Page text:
National Museum of African American History Culture Is Accepting Submissions for Inaugural Film Festival Oct. 24–27
Museum’s Center for African American Media Arts Will Hosts Four Day Festival Honoring Pioneering Documentary-Maker Madeline Anderson
Jun 13, 2018
The Smithsonian’s National Museum of African American History and Culture is accepting submissions for its film festival Oct. 24–27. The Smithsonian African American Film Festival is a multi-day cinematic experience taking place every other year and focused on celebrating African American visual culture and film. Established and emerging filmmakers have until Friday, June 22, to register works via www.nmaahc.si.edu/filmfest. The film festival is organized by Rhea L. Combs, director of the museum’s Earl W. and Amanda Stafford Center for African American Media Arts (CAAMA).
The Smithsonian African American Film Festival aims to showcase historical and contemporary time-based media works that engage with the African American and African diasporic experience by providing experiences that fosters engagement between filmmakers, scholars and the public. The festival is designed to discover and showcase works of cultural significance and provide a platform for well-known and lesser-known African American image makers. Works that may not otherwise receive substantial theatrical attention will be featured along with films by established filmmakers. It will attract diverse filmmakers, visitors from around the world and significant African American image makers spanning more than 60 years of production.
Films will compete in categories: Narrative Feature, Documentary Feature, Narrative Short, Documentary Short and Experimental & Animation.
In addition to the jury competition, the festival will feature cinematic works from the CAAMA collection; among them are Claudine, a 1970s romantic comedy starring film icons Diahann Carroll and James Earl Jones; I Am Somebody, a 1970 documentary from director Madeline Anderson on the all-black female hospital workers’ strike in South Carolina in 1969; and the restoration premiere of Malcolm X Struggle for Freedom, a film that portrays Malcolm X during the evolution of his worldview.
Thematic programing provides a unique opportunity to link the films to the museum’s exhibitions. Exhibitions “Power of Place” and “Cultural Expressions” will anchor the film screenings and the panel discussions.
The festival’s schedule includes the Washington, D.C., premiere of Milford Graves Full Mantis, the first feature-length portrait of renowned percussionist Milford Graves, exploring his kaleidoscopic creativity and relentless curiosity; Boom for Real, directed by Sara Driver, spotlighting the formative, late teenage years of visual artist Jean-Michel Basquiat; and the 25th anniversary screening of Haile Gerima’s Sankofa, a cinematic time-traveling masterpiece that tells the story of slavery in the African diaspora from the perspective of the enslaved.
“Like the objects in the collection, the first-ever Smithsonian African American Film Festival will continue the tradition of great storytelling that is steeped in history and is culturally profound,” said Lonnie G. Bunch III, founding director of the National Museum of African American History and Culture. “The Center for African American Media Arts will present bold and innovative films of the highest caliber that connect to our exhibitions and showcase the struggles, the successes, the creativity and the resiliency of a people.”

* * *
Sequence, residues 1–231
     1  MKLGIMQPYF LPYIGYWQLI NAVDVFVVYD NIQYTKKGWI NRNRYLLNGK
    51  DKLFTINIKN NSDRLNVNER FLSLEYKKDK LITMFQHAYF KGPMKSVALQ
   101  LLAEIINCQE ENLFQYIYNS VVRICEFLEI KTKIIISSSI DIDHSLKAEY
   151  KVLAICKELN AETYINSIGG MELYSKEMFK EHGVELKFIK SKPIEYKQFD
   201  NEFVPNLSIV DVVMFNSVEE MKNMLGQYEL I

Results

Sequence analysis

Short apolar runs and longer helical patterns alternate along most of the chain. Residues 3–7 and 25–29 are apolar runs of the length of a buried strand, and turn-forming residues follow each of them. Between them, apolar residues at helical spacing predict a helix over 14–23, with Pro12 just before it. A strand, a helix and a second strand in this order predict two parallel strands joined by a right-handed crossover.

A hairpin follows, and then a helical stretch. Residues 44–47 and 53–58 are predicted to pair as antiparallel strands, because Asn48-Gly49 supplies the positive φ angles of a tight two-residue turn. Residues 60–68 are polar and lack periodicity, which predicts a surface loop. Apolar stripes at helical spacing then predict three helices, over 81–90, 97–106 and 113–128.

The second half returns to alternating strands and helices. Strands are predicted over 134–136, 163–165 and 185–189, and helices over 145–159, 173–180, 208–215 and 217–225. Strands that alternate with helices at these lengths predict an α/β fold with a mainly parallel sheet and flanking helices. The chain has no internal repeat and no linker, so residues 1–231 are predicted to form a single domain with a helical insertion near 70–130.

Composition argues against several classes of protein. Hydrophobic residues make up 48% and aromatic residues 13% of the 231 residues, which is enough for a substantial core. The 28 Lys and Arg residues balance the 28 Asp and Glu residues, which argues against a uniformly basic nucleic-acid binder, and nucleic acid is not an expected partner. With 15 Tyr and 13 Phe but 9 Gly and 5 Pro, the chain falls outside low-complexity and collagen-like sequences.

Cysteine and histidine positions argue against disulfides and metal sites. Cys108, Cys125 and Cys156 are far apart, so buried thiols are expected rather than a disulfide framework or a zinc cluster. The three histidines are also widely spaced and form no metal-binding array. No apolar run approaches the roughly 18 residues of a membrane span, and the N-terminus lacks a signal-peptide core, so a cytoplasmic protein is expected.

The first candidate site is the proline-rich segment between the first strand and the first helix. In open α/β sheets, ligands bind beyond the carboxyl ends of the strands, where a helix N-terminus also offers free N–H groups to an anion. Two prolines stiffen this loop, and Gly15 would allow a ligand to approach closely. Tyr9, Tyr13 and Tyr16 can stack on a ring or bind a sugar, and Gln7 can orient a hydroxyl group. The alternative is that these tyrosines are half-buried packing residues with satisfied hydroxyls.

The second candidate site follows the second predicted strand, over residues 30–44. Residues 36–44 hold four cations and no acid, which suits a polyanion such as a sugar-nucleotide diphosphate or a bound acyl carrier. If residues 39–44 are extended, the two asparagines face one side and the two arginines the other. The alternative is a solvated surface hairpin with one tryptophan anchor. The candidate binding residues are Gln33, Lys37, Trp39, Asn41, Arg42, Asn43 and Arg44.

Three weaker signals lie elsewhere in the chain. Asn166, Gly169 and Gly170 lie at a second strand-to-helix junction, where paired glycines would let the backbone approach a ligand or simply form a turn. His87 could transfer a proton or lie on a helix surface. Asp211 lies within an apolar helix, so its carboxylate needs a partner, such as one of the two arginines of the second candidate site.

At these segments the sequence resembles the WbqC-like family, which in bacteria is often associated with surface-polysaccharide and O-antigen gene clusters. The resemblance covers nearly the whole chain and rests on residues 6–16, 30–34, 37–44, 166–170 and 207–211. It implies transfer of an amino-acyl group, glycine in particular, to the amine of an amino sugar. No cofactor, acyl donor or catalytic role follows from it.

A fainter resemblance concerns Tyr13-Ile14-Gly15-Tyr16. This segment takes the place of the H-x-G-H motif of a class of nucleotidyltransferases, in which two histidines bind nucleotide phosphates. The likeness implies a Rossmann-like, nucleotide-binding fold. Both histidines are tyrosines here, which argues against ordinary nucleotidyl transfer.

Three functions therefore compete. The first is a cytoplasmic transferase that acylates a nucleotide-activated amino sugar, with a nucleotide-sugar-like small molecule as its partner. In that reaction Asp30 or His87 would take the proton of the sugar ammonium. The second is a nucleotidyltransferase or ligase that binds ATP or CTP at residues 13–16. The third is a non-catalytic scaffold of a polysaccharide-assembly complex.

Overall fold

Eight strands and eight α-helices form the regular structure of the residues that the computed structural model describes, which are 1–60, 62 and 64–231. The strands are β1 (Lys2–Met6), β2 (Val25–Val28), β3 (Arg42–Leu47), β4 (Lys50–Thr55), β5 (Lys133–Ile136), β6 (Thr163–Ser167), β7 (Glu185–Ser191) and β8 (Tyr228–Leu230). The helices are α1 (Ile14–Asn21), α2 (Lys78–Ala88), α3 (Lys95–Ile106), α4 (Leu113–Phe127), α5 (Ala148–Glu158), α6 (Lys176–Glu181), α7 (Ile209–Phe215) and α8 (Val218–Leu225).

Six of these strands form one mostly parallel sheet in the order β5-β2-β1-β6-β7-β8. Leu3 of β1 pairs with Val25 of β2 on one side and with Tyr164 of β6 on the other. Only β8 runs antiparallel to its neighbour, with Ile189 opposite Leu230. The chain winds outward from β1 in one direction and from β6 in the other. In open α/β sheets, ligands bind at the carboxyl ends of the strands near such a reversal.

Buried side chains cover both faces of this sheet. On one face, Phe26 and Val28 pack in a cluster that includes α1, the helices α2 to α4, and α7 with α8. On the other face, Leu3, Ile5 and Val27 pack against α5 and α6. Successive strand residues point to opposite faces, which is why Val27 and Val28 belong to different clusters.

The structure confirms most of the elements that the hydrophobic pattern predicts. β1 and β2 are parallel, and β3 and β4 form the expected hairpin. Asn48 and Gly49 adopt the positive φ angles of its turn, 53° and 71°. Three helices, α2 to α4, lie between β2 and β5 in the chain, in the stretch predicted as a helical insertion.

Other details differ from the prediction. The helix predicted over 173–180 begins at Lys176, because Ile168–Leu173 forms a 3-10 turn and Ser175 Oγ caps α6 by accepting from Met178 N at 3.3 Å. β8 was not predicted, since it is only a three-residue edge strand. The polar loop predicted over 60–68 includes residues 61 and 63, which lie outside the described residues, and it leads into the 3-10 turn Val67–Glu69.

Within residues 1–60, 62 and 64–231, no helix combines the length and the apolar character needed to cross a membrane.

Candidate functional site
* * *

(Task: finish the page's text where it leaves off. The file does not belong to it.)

Film Festival Events
In addition to film screenings, programming will include master classes and engaging discussions with filmmakers and film scholars on filmmaking, visual culture and representation. Festival highlights include a world premiere screening Oct. 24, three consecutive days of masterclasses in editing, storytelling and cinematography, and an awards brunch Saturday, Oct. 27. Pioneering filmmaker Madeline Anderson will be one of the artists honored during the festival. The website will be updated regularly with new details on programming.
A number of notable works will be inducted into the CAAMA Canon. Many of the works have already been acquired by the National Museum of African American History and Culture for its permanent collection in recognition of artists’ contributions to the understanding of African American history and culture. Filmmakers and artists whose works are inducted into the CAAMA Canon will be recognized at a ceremony Thursday, Oct. 25.
“One unique feature of the Smithsonian African American Film Festival is the CAAMA Canon,” Combs said. “CAAMA Canon will actively collect, preserve and restore films for the museum’s permanent collection to recognize artists and artworks that contribute to a deeper understanding of history and the American experience through the African American lens.”
Important Festival Dates
Festival passes will become available in July
Finalists for the juried competition will be announced in September
Awards will be announced in October
About the Earl W. and Amanda Stafford Center for African American Media Arts
The Earl W. and Amanda Stafford Center for African American Media Arts showcases the National Museum of African American History and Culture’s dynamic image collection through changing exhibitions of still and moving images, publications and public programs. The CAAMA resource center and digital archive foster and support scholarship through publications and programs focused on the role, meaning and influence of images by and about African Americans and other people of African descent.
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